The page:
Books You Oughta Read Before You Kick: #3 GEEK LOVE by Katherine Dunn
|Geek Love by|
original cover art
by Chip Kidd
The story is narrated by Olympia Binewski, a hunchbacked albino dwarf and adoring sister of Arturo (Arty) the Aqua Boy. Arty is born with, you guessed it, flippers in place of arms, and later grows into a preternatural sensation. The twins Electra and Iphegenia are of the Siamese variety and perform in abject harmony on the piano. Fortunato, aka Chick, the youngest, seems normal at birth, an aberrant condition in the Binewski family, but in a timely show of telekinesis, redeems himself in his parents eyes and escapes abandonment.
I have to confess, I read this book way back in 1990, and many of the details escape my quinquagenarian memory. But I do recall the shock and awe this book inspired in my then thirty year old mind. Katherine Dunn, I thought, is way ahead of her time, brazen, and a bit cracked; in other words, my kind of author. Her darkness was on a par with the likes of David Lynch (The Elephant Man, Twin Peaks which was TV fare at the time) and Tod Browning (Freaks, Dracula), yet she had mastery of the story like say a Dickens or John Irving (another favorite of mine at the time). After reading this masterpiece of the genre, I anxiously awaited more from my latest discovery, but alas - other than a book of boxing essays (One Ring Circus), a photographic study of homicide (Death Scenes), and a brief book of questions and answers (Why Do Men Have Nipples) - zilch has spouted from her pen to date.
Geek Love allegorically celebrates the cult of the geek, that noir fraternity of social outcasts and oddballs, with their un-perfect bodies, their unconventional personae. With Arturo the Aqua Boy's rise to cult hero, Dunn makes her hyperbolic point: his followers are voluntary amputees, sacrificing their limbs in supplication to their idol. This brings to mind the Ellen Jamesians of Irving's The World According to Garp who happily lopped off their tongues in sympathy to their own mute icon. It seems to speak in a way to the self mutilators of the world; an ilk that everyone from the tatooed to the nipple-pierced to even the face-lifted can lay claim to. Yet Dunne uses her tale as caveat to the intolerant; She asks the questions, just what is normal and what isn't, and why do we crave acceptance from, while simultaneously rebelling against, the ideal?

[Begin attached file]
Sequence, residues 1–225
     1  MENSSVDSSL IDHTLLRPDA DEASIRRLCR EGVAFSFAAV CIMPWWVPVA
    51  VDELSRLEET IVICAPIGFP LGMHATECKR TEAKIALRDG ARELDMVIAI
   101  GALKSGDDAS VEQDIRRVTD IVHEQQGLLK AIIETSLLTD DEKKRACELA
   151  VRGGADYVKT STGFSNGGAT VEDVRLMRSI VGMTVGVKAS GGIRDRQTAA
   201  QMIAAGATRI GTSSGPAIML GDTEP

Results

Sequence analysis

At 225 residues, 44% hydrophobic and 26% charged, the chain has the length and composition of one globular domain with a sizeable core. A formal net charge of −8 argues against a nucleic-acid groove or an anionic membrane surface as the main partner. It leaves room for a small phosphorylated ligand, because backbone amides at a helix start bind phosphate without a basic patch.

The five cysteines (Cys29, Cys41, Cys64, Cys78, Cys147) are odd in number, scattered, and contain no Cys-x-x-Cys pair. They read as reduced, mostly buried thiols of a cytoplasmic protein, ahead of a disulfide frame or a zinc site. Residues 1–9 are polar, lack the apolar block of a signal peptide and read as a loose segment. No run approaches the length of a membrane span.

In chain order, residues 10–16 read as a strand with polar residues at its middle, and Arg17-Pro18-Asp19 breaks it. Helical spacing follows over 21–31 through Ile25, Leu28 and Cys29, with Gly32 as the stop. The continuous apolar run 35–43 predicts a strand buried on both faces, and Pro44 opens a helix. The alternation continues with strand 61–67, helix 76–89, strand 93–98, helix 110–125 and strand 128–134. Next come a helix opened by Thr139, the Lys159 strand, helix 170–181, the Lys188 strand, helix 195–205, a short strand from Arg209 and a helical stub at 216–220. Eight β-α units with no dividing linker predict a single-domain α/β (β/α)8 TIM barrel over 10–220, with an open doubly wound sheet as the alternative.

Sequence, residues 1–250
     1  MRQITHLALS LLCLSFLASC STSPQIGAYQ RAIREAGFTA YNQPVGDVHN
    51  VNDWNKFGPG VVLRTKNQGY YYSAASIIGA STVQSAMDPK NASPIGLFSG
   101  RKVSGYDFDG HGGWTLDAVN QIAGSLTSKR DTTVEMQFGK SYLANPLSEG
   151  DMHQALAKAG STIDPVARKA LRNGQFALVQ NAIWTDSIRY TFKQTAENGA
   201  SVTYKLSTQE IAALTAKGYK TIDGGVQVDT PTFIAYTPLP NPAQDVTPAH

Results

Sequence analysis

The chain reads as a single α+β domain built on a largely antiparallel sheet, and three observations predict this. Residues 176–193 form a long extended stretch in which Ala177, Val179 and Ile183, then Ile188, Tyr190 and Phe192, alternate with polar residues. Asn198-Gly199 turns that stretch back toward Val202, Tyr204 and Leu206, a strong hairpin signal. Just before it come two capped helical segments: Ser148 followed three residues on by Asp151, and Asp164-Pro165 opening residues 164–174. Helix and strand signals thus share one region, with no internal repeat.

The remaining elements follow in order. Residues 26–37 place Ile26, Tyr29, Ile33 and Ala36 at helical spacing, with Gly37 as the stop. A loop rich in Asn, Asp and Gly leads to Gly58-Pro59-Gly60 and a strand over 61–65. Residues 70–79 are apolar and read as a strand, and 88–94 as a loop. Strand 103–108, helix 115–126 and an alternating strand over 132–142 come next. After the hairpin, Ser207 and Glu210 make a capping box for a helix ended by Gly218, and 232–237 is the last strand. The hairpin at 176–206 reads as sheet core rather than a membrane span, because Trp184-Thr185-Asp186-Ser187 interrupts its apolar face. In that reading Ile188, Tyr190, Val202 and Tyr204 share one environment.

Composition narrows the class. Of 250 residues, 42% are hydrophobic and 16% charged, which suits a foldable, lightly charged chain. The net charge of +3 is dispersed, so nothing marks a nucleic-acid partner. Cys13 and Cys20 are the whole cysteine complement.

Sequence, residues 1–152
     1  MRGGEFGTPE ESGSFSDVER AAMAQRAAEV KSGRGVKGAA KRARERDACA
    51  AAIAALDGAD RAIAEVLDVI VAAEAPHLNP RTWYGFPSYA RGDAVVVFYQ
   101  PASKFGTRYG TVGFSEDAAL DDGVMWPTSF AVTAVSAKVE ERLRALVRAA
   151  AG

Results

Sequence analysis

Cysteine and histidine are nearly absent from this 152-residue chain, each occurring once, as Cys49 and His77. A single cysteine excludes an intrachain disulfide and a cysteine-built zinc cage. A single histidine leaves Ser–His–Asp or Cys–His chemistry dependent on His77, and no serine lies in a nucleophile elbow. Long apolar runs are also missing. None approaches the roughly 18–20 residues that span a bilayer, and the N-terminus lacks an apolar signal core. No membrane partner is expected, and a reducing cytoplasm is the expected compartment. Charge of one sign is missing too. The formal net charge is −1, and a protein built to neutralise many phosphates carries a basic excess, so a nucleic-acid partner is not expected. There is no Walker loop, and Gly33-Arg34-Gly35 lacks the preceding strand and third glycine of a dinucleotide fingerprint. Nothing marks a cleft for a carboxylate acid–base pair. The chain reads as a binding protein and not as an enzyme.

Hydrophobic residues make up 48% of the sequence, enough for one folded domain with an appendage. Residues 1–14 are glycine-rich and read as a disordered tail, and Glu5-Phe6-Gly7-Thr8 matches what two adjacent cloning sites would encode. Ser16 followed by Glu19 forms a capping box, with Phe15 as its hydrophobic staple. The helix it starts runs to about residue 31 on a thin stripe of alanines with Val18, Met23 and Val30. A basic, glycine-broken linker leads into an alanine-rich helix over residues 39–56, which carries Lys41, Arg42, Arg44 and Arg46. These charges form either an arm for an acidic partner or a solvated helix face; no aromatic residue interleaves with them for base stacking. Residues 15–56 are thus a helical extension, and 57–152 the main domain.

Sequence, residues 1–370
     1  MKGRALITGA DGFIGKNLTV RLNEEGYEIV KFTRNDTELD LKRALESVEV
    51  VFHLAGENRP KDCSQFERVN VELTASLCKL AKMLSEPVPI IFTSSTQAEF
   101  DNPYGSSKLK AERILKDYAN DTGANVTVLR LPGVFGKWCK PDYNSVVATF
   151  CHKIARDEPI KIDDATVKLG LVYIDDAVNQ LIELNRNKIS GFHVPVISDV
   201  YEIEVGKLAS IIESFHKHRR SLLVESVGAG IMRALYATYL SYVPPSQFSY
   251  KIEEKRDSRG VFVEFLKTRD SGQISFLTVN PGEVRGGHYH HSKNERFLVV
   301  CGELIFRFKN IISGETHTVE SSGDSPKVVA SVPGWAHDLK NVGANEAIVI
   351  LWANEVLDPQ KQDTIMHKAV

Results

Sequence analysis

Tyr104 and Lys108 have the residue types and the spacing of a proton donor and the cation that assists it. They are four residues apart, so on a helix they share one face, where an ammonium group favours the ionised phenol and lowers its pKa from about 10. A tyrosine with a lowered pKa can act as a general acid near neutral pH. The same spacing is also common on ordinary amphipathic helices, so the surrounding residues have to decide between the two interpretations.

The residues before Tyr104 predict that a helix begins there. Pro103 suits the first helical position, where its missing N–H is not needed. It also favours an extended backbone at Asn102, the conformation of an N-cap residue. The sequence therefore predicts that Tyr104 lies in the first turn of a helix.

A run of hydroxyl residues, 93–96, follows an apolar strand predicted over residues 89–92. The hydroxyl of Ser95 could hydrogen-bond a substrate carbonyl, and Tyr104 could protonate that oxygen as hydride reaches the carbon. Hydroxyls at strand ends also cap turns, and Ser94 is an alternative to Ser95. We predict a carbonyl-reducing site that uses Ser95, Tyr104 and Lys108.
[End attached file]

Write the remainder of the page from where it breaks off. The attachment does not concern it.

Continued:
- Title: Geek Love
- Author: Katherine Dunn
- Paperback: 368 pages
- Publisher: Vintage (June 11, 2002)
- Language: English
- ISBN-10: 0375713344
Other book from Katherine Dunne include:
One Ring Circus: Dispatches from the World of Boxing